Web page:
- Listening to the whole ensemble while singing. The novice singer may struggle just to maintain his own part, and may not want to hear the others for fear of distraction. The veteran, however, learns to listen to it all, and will even make adjustments to his or her own singing to better fit into the ensemble. These adjustments might include slight pitch adjustments, or tone, or volume, and so forth.
List of Standard Organizational Skills/Habits
- Punctuality. Being late takes a bigger toll on the organization than you may realize. For you, it may just be a matter of a couple of minutes, but your absence has changed the situation in which the chorus is rehearsing. Without you there, it’s not the same chorus; it sounds different, feels different, and looks different. The differences throw people off and they aggravate the director. (Imagine something like this: You’re an organist, but your organ doesn’t have the same set of keys and pedals every week—or the volume won’t work the same every time you play it.) Also, a section may sound great one week, and weak the next—and this can be because just one or two people are missing. Sometimes, you have people who really carry a section, and when they’re gone, you realize that some of the rest are “leaners”, who do fine when next to a strong singer, but not nearly so well when that strong singer is missing.
- Regular attendance. If the punctuality problem is bad, attendance problems are even worse. Absences should be kept to a bare minimum. The rehearsal schedule should be made public before the semester starts, and when you agree to be a member, you should be agreeing to come to the rehearsals. Yes, things happen, and some of them are unavoidable. Sometimes, however, with a little extra effort, that rehearsal conflict that would have made it convenient to miss rehearsal can be worked out. And if you find that a track record of not wanting to be at rehearsal is building, you should reconsider whether being a member is something you really want to do. If you’re just going through a hard time in general, and you’ll surely get over it, that’s completely understandable, but it still hurts the chorus in the meantime.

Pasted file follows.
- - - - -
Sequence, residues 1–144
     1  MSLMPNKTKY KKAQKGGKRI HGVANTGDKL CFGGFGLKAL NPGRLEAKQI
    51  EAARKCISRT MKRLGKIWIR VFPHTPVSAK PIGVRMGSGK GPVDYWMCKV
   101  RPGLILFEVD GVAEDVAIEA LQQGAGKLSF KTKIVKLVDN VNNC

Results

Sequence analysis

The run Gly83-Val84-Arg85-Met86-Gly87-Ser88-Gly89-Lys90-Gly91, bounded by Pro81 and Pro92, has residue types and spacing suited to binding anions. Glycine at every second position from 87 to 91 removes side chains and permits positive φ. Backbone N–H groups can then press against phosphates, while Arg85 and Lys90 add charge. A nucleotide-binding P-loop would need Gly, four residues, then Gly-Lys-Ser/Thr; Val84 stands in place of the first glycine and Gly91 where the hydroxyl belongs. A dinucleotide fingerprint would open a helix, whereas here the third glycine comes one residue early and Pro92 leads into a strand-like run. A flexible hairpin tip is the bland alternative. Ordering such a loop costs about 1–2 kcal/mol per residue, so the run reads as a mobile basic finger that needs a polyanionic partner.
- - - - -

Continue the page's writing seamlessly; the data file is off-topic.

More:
- Ettiquette/Discipline. Every group has a different personality and various dispositions about this or that. You should learn what the standards for your group are, and abide by them most of the time. Many musical groups (of all kinds) waste a lot of time by continuing to sing/play after the director has cut them off, or by continuing to talk when the director has started talking. This is a waste of time, for one thing, and may also be disrespectful. A good ensemble knows how to come to order quickly and regularly. Its members learn to decouple from whatever they were doing, in order to do something else.